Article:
Lung cancer develops when the cells in your lungs – the two spongy organs in your chest – divide uncontrollably. The cancer usually spreads to surrounding areas, such as the lymph nodes. Lymph nodes are small glands that filter lymph, the clear fluid that circulates through the lymphatic system.
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Symptoms of lung cancer usually appear once the cancer has spread to other parts of the body.
When this happens, the body often undergoes noticeable changes.
The main warning signs can appear in your cough.
According to the NHS, there are four telltale signs in your cough to look for:
- A cough that doesn’t go away after two or three weeks
- A long-standing cough that gets worse
- Coughing up blood
- An ache or pain when breathing or coughing
These symptoms may not be due to cancer but it is important to get them checked by a doctor.
As Cancer Research UK notes, is also a symptom of coronavirus.
“It is still important to contact your GP if you have a new or worsening cough,” says the charity.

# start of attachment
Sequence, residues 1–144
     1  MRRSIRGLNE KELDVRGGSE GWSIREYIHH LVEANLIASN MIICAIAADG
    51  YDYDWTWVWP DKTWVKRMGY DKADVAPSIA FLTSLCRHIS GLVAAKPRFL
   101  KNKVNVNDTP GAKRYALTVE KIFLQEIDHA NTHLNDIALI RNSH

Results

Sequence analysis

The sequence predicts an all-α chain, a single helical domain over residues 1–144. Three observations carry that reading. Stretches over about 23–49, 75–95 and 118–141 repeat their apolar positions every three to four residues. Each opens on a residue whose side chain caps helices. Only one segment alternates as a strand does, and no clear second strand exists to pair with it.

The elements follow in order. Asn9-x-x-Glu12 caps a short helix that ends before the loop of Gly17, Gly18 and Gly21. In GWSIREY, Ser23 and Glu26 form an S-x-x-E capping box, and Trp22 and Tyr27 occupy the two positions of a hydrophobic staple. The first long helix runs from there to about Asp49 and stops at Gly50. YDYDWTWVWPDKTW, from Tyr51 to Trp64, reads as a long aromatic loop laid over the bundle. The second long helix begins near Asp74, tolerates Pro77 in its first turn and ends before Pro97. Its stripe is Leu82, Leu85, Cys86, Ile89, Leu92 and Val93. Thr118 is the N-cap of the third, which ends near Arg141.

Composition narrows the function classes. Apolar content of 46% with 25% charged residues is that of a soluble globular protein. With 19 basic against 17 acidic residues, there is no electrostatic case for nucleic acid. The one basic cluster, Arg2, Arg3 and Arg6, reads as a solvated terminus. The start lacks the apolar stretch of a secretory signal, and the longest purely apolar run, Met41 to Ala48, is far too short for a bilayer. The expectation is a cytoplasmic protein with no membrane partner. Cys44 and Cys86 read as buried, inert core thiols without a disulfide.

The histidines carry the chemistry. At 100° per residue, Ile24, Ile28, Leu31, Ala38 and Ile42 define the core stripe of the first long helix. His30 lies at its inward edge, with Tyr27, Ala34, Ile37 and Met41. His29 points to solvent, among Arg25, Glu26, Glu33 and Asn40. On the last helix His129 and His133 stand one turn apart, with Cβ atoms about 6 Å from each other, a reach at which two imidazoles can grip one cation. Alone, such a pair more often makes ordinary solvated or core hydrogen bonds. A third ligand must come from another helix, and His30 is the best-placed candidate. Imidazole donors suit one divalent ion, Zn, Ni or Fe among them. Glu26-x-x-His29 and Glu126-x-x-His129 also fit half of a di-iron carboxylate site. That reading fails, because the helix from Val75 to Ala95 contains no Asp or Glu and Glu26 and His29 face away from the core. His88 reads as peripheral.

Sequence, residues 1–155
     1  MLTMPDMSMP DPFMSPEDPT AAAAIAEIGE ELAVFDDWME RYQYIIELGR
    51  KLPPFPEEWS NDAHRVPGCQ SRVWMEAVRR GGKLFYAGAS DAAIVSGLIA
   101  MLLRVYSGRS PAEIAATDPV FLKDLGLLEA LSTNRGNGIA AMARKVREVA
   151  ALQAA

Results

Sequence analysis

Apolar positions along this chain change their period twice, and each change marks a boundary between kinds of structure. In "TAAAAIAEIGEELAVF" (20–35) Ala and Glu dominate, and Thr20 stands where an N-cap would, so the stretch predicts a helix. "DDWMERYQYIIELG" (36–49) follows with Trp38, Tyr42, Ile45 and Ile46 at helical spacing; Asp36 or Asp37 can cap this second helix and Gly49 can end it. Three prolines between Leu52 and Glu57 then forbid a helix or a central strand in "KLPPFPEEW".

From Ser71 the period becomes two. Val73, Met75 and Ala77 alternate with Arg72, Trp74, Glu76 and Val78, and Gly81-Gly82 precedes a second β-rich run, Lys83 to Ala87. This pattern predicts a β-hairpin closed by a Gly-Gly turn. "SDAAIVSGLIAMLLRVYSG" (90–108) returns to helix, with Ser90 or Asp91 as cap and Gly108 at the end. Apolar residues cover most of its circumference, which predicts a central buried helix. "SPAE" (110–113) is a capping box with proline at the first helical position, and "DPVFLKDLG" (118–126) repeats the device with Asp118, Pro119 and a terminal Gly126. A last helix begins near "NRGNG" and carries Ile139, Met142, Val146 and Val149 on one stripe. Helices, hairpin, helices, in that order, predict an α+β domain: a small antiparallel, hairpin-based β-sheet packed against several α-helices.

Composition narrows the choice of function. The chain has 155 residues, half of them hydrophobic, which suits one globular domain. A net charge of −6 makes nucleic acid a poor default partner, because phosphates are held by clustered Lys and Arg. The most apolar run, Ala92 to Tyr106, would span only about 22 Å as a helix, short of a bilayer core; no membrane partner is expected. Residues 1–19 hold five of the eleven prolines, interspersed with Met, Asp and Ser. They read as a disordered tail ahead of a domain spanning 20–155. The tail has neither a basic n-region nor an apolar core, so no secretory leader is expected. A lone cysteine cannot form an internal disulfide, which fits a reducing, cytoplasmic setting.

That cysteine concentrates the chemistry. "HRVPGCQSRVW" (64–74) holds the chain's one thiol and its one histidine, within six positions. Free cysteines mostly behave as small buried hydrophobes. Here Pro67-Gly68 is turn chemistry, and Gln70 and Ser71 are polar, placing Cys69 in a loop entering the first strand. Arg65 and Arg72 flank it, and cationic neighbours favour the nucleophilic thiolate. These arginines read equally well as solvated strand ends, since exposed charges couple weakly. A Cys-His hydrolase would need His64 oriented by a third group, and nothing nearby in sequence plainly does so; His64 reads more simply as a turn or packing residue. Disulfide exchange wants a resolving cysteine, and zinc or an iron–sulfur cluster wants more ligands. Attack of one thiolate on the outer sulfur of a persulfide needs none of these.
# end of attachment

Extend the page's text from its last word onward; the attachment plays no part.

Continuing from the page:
The GP can speak to you over the phone or by a video call and arrange for tests if you need them, it says.
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Lung cancer – how to treat it
The most common treatment options include surgery, radiotherapy, chemotherapy and immunotherapy.
Depending on the type of cancer and the stage, you may receive a combination of these treatments, according to the NHS.
It is important to bear in mind that different treatment options come with side effects.
Chemotherapy, for example, which uses powerful cancer-killing medicine to treat cancer, can cause fatigue, sickness and hair loss, notes the NHS.
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Chemotherapy can also weaken your immune system, making you more vulnerable to infection, adds the health site.
Lung cancer – am I at risk?
Lung cancer is strongly tied to unhealthy lifestyle decisions.
The gravest risk factor is smoking tobacco, with around seven out of 10 lung cancers are caused by smoking, according to Cancer Research UK.
This includes breathing in other people’s cigarette smoke or even light or occasional smoking.
As Cancer Research UK points out, your risk increases more the longer you smoke and the more you smoke so it is imperative to stop smoking sooner rather than later.
A lesser-known risk factor is air pollution.
“The risk depends on the levels of air pollution you are regularly exposed to,” explains Cancer Research UK.
Although, at UK levels, the extra risk for each person is negligible, it adds.
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